Friars Club of Beverly Hills

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The Friars Club logo

The Friars Club of Beverly Hills (also known as the Friars Club of California) was a private show business club started in 1947 by comedian/actor Milton Berle, among other celebrities who had moved from New York. It was forced to change its name in 2007 after losing a lawsuit with the New York Friars' Club, and later closed. Its building, designed by modernist architect Sidney Eisenshtat, was demolished in 2011.


Publicity photo for the 1968 roast of Johnny Carson. Dick Cavett and Alan King are ready to start the honors.

The modern history of the club began in 1947, when Milton Berle got a group together at the old Savoy Hotel on Sunset Boulevard in Los Angeles, including actors Bing Crosby, Eddie Cantor, Jimmy Durante, George Jessel, and Robert Taylor. The Friars Club of California was originally established as a spinoff from the New York Friars' Club as a non-profit, membership only club. In 1961, the California club moved into a distinctive, almost windowless building at 9900 Santa Monica Boulevard in Beverly Hills designed by architect Sidney Eisenshtat. Past members included Lucille Ball, Jack Benny, George Burns, Johnny Carson, Billy Crystal, Sammy Davis, Jr., Judy Garland, Bob Hope, Al Jolson, Jerry Lewis, Dean Martin, Stan Lee[1], the Marx Brothers, and Frank Sinatra, among many others. Like the New York club, for many years the Friars Club of Beverly Hills was known for its celebrity members and "roasts".

From the summer of 1962 to the summer of 1966, John Roselli, Maurice Friedman, Manuel Jacobs, and others rigged high stake gin rummy games at the Friars Club. Over that period, the conspirators earned an estimated $400,000 in profits, and six defendants were ultimately convicted on various charges.[2] In the wake of the resulting scandal, the Friars Club formed an ethics committee and removed some members, while others resigned.[3]

Later years[edit]

In 1992, Irwin Schaeffer became president of the Friars Club of California. By 2004, after years of declining membership, the club's assets were sold to a for-profit corporation owned by Schaeffer's son, Darren Schaeffer.[4] After the sale, the club was renamed "The Friars of Beverly Hills" and continued to operate under that name until 2007. However, in 2005, the New York Friars' Club commenced a lawsuit claiming trademark infringement under the Lanham Act, among other claims; in September 2007, the federal district court granted substantial portions of the New York Friars Club's motion for summary judgment, which effectively forced the California club to cease operations under the "Friars Club" name.[5]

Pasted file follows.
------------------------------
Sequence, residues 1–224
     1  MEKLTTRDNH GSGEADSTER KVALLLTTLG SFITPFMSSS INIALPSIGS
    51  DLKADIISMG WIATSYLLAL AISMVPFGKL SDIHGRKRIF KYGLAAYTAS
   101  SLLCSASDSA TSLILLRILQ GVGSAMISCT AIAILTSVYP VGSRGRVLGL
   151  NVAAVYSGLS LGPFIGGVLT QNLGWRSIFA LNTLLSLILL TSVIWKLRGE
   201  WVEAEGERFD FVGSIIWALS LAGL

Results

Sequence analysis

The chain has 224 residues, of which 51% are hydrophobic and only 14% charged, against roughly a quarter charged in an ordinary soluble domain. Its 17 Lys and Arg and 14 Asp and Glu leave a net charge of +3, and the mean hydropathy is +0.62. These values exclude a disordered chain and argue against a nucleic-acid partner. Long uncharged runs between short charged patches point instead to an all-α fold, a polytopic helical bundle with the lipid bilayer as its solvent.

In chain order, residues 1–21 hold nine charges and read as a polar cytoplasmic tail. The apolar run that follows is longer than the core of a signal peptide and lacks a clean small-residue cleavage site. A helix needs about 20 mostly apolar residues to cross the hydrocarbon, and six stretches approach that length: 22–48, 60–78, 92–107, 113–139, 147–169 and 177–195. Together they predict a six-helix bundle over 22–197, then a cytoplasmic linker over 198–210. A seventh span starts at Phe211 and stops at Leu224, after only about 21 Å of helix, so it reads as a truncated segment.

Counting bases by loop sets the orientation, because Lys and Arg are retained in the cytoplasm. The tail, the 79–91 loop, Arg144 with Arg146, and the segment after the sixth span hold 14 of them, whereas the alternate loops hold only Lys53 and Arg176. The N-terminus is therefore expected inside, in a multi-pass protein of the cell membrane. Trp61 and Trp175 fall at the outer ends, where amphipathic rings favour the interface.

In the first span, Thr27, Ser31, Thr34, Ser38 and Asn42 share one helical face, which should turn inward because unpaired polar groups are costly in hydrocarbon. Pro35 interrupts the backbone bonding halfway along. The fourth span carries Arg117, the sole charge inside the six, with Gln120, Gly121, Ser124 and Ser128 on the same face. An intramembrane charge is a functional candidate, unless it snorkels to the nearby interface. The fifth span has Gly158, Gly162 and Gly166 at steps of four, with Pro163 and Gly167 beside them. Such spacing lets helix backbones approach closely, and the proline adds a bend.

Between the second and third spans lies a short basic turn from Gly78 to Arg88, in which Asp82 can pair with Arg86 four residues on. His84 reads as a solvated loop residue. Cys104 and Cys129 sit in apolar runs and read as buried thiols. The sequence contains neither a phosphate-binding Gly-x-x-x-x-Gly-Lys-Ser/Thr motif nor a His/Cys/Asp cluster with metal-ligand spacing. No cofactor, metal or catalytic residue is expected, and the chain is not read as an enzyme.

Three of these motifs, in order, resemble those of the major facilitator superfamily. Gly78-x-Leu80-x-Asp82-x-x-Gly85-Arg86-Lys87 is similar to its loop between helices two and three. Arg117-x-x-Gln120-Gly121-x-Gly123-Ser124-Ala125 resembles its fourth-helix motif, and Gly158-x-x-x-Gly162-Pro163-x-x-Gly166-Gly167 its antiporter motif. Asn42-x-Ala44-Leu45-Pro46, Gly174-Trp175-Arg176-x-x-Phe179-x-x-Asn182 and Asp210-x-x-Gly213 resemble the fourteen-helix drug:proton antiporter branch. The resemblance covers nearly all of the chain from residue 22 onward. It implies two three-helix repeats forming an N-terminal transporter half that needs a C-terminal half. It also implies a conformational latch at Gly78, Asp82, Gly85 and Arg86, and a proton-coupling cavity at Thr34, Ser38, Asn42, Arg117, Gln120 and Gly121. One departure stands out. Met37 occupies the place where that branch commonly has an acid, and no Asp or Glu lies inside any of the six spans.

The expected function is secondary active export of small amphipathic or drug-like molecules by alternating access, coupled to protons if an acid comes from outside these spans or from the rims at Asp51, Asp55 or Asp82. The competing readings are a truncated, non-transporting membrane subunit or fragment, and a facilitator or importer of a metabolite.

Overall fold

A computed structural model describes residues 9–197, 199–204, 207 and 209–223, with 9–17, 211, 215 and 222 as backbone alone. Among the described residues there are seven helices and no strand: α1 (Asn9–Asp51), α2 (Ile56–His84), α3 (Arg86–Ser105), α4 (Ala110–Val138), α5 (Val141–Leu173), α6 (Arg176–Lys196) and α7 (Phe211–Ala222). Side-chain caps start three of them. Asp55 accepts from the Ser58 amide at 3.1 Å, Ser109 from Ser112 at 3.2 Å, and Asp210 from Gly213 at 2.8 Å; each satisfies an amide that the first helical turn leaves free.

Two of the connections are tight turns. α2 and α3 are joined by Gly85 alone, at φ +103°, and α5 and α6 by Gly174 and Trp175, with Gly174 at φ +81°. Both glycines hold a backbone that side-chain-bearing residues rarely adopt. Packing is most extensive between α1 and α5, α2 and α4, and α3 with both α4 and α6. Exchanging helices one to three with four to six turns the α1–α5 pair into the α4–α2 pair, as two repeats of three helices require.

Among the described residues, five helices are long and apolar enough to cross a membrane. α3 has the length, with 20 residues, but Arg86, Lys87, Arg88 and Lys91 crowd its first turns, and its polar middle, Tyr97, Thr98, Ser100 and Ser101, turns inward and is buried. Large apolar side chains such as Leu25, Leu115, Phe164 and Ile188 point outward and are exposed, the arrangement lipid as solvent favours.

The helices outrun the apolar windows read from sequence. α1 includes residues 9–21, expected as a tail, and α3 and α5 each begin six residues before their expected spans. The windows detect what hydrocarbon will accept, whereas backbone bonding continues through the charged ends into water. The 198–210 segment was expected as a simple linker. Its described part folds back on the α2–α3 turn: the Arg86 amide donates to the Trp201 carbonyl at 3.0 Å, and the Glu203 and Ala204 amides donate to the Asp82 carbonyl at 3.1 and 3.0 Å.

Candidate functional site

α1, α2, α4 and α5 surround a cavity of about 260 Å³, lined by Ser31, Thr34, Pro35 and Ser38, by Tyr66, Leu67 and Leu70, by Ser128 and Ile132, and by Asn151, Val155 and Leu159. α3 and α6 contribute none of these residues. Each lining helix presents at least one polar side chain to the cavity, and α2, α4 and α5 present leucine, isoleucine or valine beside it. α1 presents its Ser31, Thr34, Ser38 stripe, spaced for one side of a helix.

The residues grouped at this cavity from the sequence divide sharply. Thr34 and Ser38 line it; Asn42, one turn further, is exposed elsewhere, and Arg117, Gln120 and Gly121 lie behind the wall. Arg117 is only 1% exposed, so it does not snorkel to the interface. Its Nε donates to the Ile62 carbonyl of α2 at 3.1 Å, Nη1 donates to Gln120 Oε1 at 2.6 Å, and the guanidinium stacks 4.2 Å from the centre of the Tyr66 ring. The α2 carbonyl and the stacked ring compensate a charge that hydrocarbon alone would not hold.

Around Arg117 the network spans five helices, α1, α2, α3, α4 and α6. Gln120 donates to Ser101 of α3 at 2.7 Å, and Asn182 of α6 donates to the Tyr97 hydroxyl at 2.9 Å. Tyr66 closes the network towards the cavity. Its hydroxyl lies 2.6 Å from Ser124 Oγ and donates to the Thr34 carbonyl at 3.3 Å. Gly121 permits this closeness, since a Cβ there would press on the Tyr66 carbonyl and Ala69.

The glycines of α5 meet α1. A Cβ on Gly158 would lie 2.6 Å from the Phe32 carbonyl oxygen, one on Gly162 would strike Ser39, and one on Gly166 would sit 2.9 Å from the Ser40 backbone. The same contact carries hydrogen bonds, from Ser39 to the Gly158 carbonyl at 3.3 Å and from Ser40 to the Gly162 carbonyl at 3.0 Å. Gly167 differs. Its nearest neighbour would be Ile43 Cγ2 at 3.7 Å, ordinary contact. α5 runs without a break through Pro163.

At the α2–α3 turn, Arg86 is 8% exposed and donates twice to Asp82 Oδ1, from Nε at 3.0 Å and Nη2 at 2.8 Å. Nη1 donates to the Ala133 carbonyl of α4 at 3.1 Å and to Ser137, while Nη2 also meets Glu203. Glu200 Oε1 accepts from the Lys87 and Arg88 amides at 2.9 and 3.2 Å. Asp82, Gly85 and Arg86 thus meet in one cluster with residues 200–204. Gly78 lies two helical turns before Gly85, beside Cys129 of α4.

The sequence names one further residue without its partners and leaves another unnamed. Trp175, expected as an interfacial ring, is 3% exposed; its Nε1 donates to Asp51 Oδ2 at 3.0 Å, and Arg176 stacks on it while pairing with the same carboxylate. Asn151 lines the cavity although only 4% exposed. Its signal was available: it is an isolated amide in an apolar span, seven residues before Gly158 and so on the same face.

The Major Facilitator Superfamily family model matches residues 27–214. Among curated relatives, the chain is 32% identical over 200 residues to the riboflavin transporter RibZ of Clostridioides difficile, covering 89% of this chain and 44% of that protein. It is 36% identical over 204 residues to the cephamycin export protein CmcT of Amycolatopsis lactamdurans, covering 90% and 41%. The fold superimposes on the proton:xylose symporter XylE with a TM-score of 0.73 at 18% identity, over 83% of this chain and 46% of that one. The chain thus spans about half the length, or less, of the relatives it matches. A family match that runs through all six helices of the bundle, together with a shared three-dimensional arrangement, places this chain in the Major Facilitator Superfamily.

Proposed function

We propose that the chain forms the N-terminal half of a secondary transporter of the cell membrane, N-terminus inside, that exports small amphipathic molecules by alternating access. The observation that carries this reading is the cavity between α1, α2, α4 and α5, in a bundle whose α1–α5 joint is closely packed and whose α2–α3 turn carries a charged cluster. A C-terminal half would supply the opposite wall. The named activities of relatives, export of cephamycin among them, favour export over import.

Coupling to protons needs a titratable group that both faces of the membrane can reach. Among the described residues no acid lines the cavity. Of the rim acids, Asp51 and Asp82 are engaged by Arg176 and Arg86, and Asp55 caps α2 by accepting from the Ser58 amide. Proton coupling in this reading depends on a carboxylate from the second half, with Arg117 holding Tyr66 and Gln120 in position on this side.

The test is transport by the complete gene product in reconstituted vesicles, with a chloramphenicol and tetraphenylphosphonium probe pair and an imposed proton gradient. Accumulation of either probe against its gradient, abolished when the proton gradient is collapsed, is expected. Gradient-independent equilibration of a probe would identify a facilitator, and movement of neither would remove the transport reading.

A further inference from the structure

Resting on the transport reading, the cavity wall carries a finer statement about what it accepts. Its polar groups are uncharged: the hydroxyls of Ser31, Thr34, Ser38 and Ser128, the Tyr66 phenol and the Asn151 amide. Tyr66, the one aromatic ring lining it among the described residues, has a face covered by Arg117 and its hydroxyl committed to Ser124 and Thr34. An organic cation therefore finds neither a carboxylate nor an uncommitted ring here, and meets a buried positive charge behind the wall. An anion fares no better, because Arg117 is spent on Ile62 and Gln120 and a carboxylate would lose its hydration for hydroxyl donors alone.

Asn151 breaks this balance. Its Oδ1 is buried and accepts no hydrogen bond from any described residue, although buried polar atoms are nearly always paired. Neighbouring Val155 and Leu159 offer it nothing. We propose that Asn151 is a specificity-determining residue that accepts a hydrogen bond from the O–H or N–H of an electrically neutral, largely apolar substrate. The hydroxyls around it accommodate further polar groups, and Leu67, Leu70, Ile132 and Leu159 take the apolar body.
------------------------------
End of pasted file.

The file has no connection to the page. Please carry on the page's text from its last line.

The California club changed its name to "Club 9900" for a few months, but as of June 2008, the club was apparently closed, and its landmark building was listed as available for lease.[6][7][8][9] In late January 2011, the building was demolished,[10][11] despite objections from the Los Angeles Conservancy.[12]

Additional information[edit]

The Friars Club was not related to the Friar's Inn, a famous 1920s jazz cabaret in Chicago, Illinois, which was sometimes casually referred to as "Friar's Club".

See also[edit]


  1. ^ "12 Things I Learned Over 20 Years of Lunches With Stan Lee". WIRED. Retrieved 2018-11-13.
  2. ^ "JUSTIA US LAW". Justia Corporate Center. Retrieved 27 March 2017.
  3. ^ John Kobler, "The (Million-Dollar) Sting at the Friars Club", New York, July 21, 1975, pp. 28-34.
  4. ^ Fixmer, Andy (July 12, 2004). "New owner set to give major makeover to Friars Club". Los Angeles Business Journal.
  5. ^ Salkin, Allen (October 3, 2007). "East Coast Friars Win Legal Battle". The New York Times.
  6. ^ Waldow, Mitch (June 27, 2008). "Farewell to the Friars".
  7. ^ "Archived copy". Archived from the original on 8 January 2009. Retrieved 2008-07-14.CS1 maint: Archived copy as title (link) CS1 maint: BOT: original-url status unknown (link)
  8. ^ Brochure (PDF). 9900 Club at Charleville Drive. Archived from the original (PDF) on 2011-02-13.
  9. ^ Archived by WebCite® here.
  10. ^ Roderick, Kevin (Jan 26, 2011). "Friars Club in Beverly Hills coming down". LA Observed.
  11. ^ Miller, Daniel (January 27, 2011). "Iconic Friars Club of Beverly Hills Building Being Razed". The Hollywood Reporter.
  12. ^ Grovers, Martha (January 28, 2011). "Building that once housed the famed Beverly Hills Friars Club is being razed". Los Angeles Times.

External links[edit]